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Biotech Science

Vitamin D Deficiency Behind Many Western Cancers? 478

Posted by Zonk
from the need-a-supplement-now dept.
twilight30 wrote us with a link to an article in the Globe and Mail. If further study bears out the findings, new research into the causative agents behind disease and cancer may have a drastic impact on the health of citizens in Canada and the US. According to a four-year clinical trial, there's a direct link between cancer and Vitamin D deficiency. "[The] trial involving 1,200 women, and found those taking the vitamin had about a 60-per-cent reduction in cancer incidence, compared with those who didn't take it, a drop so large — twice the impact on cancer attributed to smoking — it almost looks like a typographical error. And in an era of pricey medical advances, the reduction seems even more remarkable because it was achieved with an over-the-counter supplement costing pennies a day. One of the researchers who made the discovery, professor of medicine Robert Heaney of Creighton University in Nebraska, says vitamin D deficiency is showing up in so many illnesses besides cancer that nearly all disease figures in Canada and the U.S. will need to be re-evaluated. 'We don't really know what the status of chronic disease is in the North American population,' he said, 'until we normalize vitamin D status.'"
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Vitamin D Deficiency Behind Many Western Cancers?

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  • by lems1 (163074) on Sunday April 29, 2007 @05:40AM (#18917337) Homepage
    Now I'm waiting for another research showing that the intake of vitamin D causes some other serious illness...

    So typical.
  • by Lord Duran (834815) on Sunday April 29, 2007 @05:45AM (#18917355)
    60%. That's not a small number. Consider the possibilities: 60% of cancer reduced, just by using a standard vitamin pill. I think I'll head off to the pharmacy.
  • Not so confusing. (Score:4, Insightful)

    by Hamster Lover (558288) * on Sunday April 29, 2007 @06:07AM (#18917451) Journal
    How is this confusing? Not enough sunlight may cause vitamin D deficiency, too much may cause cancer. Not enough food and you starve to death, too much and you grow obese and suffer related ailments.

    Life is about balance.
  • by Detritus (11846) on Sunday April 29, 2007 @06:14AM (#18917483) Homepage
    You can poison yourself with excessive amounts of vitamin D. Then again, you can poison yourself with almost anything if you try hard enough.
  • by mcrh (1050542) on Sunday April 29, 2007 @06:44AM (#18917573)
    Is it normal to be concerned that TFA doesn't appear to mention where the funding for this research came from?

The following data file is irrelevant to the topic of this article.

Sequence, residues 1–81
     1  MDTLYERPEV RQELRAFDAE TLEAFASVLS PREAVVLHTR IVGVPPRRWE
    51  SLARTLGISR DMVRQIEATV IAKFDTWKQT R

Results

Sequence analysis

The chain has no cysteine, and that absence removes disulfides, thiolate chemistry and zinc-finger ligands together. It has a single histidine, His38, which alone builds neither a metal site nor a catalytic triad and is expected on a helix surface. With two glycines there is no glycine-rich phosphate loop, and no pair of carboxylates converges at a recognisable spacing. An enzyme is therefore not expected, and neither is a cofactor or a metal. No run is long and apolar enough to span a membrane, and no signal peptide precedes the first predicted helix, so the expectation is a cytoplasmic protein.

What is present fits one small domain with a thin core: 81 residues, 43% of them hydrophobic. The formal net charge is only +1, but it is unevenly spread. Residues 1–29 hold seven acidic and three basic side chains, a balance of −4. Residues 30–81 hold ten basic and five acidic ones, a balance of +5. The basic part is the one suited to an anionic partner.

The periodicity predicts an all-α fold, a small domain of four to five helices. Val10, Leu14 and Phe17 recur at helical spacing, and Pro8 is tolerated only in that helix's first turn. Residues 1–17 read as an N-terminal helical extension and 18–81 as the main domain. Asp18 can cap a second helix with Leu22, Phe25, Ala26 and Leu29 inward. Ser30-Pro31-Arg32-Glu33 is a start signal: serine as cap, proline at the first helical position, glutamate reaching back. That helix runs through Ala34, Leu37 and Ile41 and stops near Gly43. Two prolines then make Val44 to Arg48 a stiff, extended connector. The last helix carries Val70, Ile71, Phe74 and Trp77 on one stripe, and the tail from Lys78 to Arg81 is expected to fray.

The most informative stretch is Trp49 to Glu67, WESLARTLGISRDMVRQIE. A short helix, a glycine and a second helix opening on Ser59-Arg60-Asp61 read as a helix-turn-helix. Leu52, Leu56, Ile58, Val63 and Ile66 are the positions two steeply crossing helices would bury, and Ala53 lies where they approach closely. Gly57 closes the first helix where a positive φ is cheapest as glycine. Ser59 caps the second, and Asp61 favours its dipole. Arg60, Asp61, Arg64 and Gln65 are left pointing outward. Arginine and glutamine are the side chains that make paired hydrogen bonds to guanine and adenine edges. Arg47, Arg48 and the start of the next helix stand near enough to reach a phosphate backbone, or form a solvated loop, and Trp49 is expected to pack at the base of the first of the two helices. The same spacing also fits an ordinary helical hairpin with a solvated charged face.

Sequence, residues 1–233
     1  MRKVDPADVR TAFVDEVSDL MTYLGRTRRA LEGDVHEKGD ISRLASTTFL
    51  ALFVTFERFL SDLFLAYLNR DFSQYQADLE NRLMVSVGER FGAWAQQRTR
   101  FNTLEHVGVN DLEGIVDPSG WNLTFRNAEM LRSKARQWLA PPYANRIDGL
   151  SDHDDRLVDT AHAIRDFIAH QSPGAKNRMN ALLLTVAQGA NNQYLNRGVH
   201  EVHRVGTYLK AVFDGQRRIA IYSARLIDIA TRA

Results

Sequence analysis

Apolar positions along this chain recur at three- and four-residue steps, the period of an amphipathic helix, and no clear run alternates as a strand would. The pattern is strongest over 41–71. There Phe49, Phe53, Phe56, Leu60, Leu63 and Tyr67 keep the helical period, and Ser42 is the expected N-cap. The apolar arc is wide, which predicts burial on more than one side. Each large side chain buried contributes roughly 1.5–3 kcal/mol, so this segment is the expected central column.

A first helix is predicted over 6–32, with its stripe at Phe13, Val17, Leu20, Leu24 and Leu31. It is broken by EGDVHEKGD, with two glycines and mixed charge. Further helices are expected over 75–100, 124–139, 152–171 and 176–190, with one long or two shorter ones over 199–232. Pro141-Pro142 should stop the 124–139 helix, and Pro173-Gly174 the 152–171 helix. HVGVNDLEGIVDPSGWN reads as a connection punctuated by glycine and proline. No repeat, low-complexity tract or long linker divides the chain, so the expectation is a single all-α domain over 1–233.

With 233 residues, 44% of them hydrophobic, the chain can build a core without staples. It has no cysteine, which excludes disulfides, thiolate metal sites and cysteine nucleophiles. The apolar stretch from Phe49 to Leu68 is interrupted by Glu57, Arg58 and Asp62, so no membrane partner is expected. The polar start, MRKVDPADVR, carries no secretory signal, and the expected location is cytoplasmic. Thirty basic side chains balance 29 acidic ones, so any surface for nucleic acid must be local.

• by MavEtJu (241979) <slashdot.mavetju@org> on Sunday April 29, 2007 @06:47AM (#18917587) Homepage
    Let me see... People roll from their bed into their car (via a door between the house and the garage), drive to work and park under the building. Lunch in the canteen, and in the evening the same path and sitting in front of the TV. 90% of the people in the apartment block I'm living in does live this way and get no direct sunlight for weeks. I think I found the reason why people have a vitamin D deficiency!
  • by knapper_tech (813569) on Sunday April 29, 2007 @06:48AM (#18917589)
    It took me about 20minutes of reading to confirm that living abroad has left some holes in my diet, and because of the mechanisms of vitamin D mentioned in the article, I've decided I need to pay a lot more attention to the local diet.

    When I lived in the states, I was in Oklahoma and probably ate two or three bowls of cereal a day. Lots of milk. I am a cereal fanatic. As far as getting my vitamin d intake up, all the cereal coupled with the rest of the food I ate, the sunlight in Oklahoma, and being a cracker, I think I was probably okay.

    Since coming to Japan, I get less sunlight for a variety of reasons and my dairy consumption has plummetted to near zero. If I get vitamin D fortified food, it's the half-and-half creamer in my coffee. At first when I read the article I was mildly alarmed for Japan since we eat almost no diary food over here, and I'm not sure if anything is vitamin d fortified, but then I read up on dietary sources of vitamin d and noticed that fish is generally a very good one.

    I thought I was doing okay with the curry-rice, eggs, peanut butter and jelly sandwiches, Wendies, and the karatama-don (fried chicken, egg, rice). I think I'm going to pay attention to what's keeping the locals alive and start taking more trips to the sushi shop instead of Wendies as well as replacing the chicken in my curry with squid and whatever other fish I can get to survive being simmered for an hour.

    In the end it means more green tea at the sushi shop and fewer big-double-curry-cheeseburgers, so I guess it's better for me in a lot of ways to get over some of the diet changes. I've been here for months and will be here for more, so I should be getting used to things by now.
  • by kripkenstein (913150) on Sunday April 29, 2007 @06:51AM (#18917597) Homepage

    Now I'm waiting for another research showing that the intake of vitamin D causes some other serious illness... So typical.
    You are wise to be skeptical of such reports, but unwise if you disregard them completely. Yes, medical history is full of contradictions to previously known nutritional 'facts', and this one may be falsified in time as well. Yet, each case should be considered on its merits, not by some blanket "other research will show the opposite, so let's ignore them all".

    Specifically, this vitamin D hypothesis has data backing it up (60% is a startlingly high number, but this will have to be replicated), as well as making sense on other levels (vitamin D levels have been dropping for various reasons stated in TFA). So this hypothesis is certainly one to watch.